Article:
◈ From the game’s website: Caves of Qud is a science fantasy RPG & roguelike epic. It’s set in a far future that’s deeply simulated, richly cultured, and rife with sentient plants. Now in Early Access. Full release coming to PC, Linux, and Mac in early 2023. More platforms to follow.
Contrary to other traditional roguelikes, the game has a quest system as a core mechanic, with some of these quests being scripted while others are procedurally generated. Players can choose to follow the main questline but can also choose to ignore it and play the game without following the pre-written plot. When creating a character, the player can select either a “True Kin” (unmutated humans) who have higher base stats and access to cybernetic augmentations, or a mutant that has access to both physical and mental mutations that offer a wide degree of utility. The default starting location is the pre-made town of Joppa, but it is also possible to choose to spawn in one of the many procedurally generated towns.
A player has their reputation with various factions change due to their decisions and relationships. The game has “deeply simulated physical and political systems” which are randomly generated and different each session. It generates a set of historical events and group relationships mostly centered around a set of five randomly generated ancient rulers, dubbed Sultans. It takes inspiration from the history systems of the games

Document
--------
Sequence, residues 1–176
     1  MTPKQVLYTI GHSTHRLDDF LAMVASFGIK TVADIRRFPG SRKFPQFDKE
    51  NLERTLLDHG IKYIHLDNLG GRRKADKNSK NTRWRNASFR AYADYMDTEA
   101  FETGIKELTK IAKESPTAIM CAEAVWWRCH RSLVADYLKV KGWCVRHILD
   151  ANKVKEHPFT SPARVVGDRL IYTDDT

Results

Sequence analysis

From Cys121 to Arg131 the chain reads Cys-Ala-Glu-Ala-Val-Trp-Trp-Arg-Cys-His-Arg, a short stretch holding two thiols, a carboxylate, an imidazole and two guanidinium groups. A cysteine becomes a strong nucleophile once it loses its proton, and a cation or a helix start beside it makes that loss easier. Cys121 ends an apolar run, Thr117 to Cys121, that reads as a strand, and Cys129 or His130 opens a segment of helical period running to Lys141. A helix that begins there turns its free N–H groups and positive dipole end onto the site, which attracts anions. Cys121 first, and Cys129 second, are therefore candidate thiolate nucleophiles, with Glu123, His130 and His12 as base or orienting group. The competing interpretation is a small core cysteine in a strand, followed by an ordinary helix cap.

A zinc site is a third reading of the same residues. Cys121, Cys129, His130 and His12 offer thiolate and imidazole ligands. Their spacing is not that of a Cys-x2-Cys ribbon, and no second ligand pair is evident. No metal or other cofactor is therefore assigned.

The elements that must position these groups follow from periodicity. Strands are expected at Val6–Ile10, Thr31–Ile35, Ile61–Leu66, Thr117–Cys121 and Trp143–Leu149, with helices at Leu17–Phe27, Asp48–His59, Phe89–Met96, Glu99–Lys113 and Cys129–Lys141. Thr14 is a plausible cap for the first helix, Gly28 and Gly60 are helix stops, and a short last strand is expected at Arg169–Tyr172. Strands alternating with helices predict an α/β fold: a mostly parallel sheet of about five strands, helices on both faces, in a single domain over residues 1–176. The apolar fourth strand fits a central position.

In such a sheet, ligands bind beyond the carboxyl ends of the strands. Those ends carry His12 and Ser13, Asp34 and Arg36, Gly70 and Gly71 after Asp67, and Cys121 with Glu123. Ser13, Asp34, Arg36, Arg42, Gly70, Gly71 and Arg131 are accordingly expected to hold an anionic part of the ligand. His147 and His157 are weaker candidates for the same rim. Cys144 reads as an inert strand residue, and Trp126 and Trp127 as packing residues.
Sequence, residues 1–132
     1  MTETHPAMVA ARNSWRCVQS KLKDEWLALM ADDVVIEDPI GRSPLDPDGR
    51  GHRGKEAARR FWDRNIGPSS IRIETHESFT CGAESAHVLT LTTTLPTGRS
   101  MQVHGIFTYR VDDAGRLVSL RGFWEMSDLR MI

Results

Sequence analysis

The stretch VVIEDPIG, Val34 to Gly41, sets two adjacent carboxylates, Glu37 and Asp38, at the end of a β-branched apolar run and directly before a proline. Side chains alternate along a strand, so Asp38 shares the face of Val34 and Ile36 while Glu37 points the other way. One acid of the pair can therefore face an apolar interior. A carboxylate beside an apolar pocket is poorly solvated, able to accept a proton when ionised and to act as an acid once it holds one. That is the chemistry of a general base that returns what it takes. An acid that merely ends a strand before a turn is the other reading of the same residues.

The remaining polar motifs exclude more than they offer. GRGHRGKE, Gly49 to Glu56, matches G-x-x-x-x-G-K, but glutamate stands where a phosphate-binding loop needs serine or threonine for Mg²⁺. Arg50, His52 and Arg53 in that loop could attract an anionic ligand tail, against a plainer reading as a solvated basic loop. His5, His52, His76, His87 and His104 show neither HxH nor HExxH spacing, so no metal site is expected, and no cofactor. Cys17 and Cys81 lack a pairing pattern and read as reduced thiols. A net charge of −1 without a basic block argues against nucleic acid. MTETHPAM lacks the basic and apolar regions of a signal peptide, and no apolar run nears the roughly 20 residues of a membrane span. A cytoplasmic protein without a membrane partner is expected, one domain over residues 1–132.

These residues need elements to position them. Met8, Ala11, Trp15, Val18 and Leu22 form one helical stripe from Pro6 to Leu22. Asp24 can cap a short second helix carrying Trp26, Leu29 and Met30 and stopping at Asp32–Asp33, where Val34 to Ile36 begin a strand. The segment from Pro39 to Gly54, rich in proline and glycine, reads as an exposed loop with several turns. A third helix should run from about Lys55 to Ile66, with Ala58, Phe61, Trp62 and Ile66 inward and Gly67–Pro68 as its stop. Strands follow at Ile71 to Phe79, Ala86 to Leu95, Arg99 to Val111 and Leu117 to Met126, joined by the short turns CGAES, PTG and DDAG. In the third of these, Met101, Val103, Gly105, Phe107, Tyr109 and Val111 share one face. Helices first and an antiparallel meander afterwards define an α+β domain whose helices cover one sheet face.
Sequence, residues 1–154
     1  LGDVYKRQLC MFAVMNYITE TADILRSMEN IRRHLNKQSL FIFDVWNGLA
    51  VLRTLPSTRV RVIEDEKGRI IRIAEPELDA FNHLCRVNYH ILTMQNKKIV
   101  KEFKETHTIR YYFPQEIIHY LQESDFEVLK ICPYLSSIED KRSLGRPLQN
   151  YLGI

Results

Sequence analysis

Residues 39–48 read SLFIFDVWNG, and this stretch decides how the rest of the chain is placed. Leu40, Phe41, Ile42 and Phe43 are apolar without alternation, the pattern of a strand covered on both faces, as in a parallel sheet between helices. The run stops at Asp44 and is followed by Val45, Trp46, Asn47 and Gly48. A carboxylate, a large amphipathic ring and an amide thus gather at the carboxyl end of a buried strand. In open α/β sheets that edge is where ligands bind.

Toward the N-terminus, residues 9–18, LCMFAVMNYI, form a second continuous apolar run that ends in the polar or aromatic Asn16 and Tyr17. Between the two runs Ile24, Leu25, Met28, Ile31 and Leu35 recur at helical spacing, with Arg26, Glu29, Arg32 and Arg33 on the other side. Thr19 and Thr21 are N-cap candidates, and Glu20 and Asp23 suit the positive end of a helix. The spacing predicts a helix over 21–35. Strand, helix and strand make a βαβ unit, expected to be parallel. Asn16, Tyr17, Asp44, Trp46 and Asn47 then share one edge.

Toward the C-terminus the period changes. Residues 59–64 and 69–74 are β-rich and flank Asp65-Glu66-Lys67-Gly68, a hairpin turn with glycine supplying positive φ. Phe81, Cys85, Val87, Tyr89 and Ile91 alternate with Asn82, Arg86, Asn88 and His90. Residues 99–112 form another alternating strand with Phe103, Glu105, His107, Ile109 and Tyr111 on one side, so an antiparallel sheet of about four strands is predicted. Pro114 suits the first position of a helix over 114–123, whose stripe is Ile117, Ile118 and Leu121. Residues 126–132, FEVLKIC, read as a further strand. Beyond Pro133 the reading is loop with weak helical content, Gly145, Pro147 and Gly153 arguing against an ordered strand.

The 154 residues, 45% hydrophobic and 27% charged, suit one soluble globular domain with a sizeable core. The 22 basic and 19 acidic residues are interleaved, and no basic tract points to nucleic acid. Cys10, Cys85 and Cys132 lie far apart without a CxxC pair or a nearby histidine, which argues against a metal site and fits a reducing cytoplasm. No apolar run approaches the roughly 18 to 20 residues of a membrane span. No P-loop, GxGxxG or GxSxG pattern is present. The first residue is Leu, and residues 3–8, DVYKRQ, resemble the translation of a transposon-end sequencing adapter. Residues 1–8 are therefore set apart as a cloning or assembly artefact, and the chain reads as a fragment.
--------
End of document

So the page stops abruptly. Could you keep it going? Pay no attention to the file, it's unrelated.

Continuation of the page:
Dwarf Fortress and
Epitaph. Instead of having historical events being generated without bias, its procedural history system is based around historical accounts, like word of mouth and ancient texts.
Bring a large pot of water to a boil. Cook the pasta (I use half the package) according to package directions after adding 2 tablespoons salt to the water.
Melt butter in a large pan, add garlic, onion, and cook until brown. Then add the mushrooms and cook until they are soft.
In a small saucepan, pour in 1/4 cup (~ 6 tablespoons) olive oil and heat over low heat for 60 seconds. Add in garlic and red pepper flakes. Stir and cook 60 seconds. Remove from heat.
Pour olive oil mixture over the cooked and drained pasta. Add in additional 4 tablespoons of olive oil. Pour in lemon juice (half a lemon) and parsley and toss until pasta is coated.
Result: I think it’s fine, but there’s something lacking. My family, however, enjoys it, as does my Husky dog, who demands more. However, I must return to the restaurant to taste the olive oil pasta once more in order to perfect it.